Cooking a chicken in a rotisserie oven is one of the surest ways to finish with a perfectly juicy, evenly cooked bird. The constant rotation ensures that the whole chicken receives equal exposure to the heat, and gravity ensures that the rendered fat and cooking juices automatically baste the bird as it turns. Although rotisserie ovens do a fine job with a chicken, they're not the only -- or even the most traditional -- way to do it.
On Your Grill
For thousands of years, spit-roasted birds revolved at a real fire instead of a rotisserie oven. You can replicate that tradition with a rotisserie attachment for your gas grill or charcoal kettle. On a gas grill, light the burners on either side of the rotisserie's path but not the ones underneath. On a charcoal grill, scrape the coals to one or both sides so the rotisserie's spit will only receive indirect heat. Spit the chicken according to the instructions that came with your rotisserie, then lock the spit into place. Close the lid and cook your chicken until it reaches an internal temperature of 165 degrees Fahrenheit when tested with an instant-read thermometer.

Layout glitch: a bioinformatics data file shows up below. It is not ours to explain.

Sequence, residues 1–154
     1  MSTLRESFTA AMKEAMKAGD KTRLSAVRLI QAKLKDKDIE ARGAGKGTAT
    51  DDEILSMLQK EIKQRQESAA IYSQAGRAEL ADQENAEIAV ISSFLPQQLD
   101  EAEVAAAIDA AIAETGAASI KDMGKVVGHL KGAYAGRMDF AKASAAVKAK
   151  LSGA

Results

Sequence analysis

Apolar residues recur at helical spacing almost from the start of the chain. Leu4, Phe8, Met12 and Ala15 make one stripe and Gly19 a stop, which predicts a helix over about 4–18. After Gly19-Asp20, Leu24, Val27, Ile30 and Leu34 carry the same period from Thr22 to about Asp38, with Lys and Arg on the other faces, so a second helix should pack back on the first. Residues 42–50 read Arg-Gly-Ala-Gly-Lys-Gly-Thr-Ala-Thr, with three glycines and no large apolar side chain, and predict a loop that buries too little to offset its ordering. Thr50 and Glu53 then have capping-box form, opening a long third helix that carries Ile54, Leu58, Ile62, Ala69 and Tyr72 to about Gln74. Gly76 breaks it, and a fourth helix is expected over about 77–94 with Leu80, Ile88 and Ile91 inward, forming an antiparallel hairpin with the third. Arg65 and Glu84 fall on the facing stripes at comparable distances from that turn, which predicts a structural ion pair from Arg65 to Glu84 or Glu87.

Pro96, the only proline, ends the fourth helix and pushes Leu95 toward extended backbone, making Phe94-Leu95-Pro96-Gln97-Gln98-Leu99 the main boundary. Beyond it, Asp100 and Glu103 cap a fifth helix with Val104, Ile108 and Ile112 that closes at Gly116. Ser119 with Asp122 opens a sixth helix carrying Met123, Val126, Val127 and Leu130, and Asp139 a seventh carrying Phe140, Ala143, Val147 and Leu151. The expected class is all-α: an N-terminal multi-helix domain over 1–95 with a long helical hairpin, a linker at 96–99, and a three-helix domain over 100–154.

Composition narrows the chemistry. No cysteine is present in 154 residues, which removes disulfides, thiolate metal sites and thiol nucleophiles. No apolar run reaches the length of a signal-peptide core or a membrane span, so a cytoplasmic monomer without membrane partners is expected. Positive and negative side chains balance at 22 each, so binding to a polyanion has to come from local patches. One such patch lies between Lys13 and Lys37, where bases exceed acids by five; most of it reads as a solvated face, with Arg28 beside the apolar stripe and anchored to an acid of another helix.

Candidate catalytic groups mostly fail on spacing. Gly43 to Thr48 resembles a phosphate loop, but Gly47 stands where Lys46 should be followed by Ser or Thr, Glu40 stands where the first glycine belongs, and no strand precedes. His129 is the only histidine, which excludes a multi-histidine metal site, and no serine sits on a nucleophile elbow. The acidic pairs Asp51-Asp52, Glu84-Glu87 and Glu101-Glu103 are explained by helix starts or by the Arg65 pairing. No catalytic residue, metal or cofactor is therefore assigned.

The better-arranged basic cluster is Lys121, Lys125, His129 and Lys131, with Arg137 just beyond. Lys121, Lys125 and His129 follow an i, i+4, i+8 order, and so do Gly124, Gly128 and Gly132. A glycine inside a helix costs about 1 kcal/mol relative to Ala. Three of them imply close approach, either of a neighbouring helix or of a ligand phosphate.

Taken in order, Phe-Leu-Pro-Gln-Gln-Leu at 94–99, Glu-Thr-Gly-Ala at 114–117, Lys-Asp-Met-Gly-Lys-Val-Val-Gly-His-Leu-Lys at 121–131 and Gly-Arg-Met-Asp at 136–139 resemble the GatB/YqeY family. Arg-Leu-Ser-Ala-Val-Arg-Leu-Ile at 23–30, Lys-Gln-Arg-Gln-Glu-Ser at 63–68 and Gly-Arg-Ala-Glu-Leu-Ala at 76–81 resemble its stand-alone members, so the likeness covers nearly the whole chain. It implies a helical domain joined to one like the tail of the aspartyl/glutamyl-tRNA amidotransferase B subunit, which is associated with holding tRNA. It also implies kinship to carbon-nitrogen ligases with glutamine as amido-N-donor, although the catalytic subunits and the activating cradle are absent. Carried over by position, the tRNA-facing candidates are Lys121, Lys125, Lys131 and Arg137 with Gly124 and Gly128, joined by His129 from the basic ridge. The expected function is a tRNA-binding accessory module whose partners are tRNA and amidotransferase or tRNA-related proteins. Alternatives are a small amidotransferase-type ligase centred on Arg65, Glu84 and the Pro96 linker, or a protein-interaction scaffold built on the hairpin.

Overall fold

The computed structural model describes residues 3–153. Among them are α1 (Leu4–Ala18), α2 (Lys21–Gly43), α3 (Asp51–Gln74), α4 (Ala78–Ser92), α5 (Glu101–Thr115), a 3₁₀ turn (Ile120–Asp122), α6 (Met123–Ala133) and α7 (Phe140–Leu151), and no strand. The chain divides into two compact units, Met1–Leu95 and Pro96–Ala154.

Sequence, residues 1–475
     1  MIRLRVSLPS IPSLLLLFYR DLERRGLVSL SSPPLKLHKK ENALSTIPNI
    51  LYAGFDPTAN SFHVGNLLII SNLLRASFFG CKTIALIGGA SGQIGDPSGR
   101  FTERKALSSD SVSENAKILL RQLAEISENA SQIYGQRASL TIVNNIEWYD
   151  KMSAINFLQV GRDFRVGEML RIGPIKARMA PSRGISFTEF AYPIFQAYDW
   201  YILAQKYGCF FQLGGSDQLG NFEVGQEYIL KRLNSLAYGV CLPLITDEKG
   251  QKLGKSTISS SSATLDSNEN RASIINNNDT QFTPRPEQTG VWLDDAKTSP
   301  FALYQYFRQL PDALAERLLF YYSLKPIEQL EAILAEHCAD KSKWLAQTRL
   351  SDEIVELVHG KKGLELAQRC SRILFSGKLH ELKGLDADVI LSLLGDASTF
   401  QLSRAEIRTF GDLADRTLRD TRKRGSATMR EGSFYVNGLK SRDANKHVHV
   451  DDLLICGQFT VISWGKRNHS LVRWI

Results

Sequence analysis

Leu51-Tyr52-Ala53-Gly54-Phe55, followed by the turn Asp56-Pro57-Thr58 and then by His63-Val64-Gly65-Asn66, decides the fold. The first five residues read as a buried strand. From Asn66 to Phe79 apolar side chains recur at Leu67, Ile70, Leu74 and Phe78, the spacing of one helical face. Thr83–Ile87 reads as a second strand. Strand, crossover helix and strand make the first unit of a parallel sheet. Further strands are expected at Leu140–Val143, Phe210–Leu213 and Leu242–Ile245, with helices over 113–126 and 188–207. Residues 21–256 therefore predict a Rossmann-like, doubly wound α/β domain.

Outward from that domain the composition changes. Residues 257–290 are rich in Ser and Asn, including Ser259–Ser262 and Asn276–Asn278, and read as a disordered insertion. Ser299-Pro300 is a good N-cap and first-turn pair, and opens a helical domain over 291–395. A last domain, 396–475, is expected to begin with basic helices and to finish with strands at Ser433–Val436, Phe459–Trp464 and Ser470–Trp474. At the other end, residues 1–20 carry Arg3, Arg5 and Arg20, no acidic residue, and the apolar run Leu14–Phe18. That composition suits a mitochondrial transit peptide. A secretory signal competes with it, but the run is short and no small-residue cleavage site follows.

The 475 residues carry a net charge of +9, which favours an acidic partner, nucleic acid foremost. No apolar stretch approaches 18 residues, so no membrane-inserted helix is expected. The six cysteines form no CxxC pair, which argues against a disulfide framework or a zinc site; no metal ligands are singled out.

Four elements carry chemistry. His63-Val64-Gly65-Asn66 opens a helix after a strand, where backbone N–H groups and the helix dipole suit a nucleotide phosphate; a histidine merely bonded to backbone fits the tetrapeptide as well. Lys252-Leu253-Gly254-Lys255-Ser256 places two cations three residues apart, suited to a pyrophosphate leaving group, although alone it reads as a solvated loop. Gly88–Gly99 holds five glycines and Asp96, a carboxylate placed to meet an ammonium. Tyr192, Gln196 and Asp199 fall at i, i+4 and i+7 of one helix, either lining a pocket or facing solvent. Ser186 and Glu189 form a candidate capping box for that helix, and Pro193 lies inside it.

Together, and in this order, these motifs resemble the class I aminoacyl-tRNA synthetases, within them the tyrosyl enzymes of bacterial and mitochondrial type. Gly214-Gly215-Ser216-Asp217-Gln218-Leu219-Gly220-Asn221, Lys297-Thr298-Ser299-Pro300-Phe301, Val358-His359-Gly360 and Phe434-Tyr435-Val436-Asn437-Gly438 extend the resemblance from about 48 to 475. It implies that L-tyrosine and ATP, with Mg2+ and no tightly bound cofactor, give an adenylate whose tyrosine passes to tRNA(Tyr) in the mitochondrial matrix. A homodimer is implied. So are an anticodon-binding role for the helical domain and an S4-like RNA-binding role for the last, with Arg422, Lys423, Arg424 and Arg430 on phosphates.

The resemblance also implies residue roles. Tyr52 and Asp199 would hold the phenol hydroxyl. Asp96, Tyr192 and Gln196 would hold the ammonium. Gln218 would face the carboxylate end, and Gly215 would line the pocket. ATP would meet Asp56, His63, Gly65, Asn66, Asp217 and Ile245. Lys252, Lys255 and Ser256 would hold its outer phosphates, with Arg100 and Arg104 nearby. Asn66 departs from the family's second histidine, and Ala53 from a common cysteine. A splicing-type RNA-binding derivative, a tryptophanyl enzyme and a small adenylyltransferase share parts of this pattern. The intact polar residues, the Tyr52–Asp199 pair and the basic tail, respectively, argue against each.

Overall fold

Open Hearth Surgery
If you have a fireplace, you can take authenticity to an even higher level. It is possible to get an old-fashioned spit for the hearth, either hand-cranked or driven by an electric motor. Build a fire of hardwoods on your hearth and let it burn down to a bed of hot coals. Spit one or more chickens and mount the spit to its brackets in front of the coals. Slide a pan under each chicken to catch the drips, and begin cranking the spit. Baste the chicken periodically with the drips from the drip pan for an extra-crisp, golden skin. Remove and serve the chickens when they reach a food safe temperature of 165 F.
Keep Me Hangin' On
If you have a fireplace but don't want to spend on a spit for occasional use, there's an alternative. Like the frugal peasants of Southern France, you can attach a hook to the inside of your hearth and hang a trussed chicken from the hook by a string. If you spin the dangling chicken every few minutes as you pass by the fire, the effect is very similar to rotisserie cooking. Keep a drip pan under the chicken and use the drippings to baste it.
If you're less concerned with authenticity than just getting a good chicken cooked by gentle, all-around heat, you have the option of faking it. A countertop slow cooker provides even, gentle heat and has the added advantage that you don't need to give the bird any attention as it cooks. Place the bird vertically in a round slow cooker or horizontally in an oval one, then close the lid and crank the dial to High for 3 to 4 hours, until the chicken is cooked and tender. The only shortcoming of this method is that the skin won't crisp, except for a few spots where it's in contact with the walls of the cooker.
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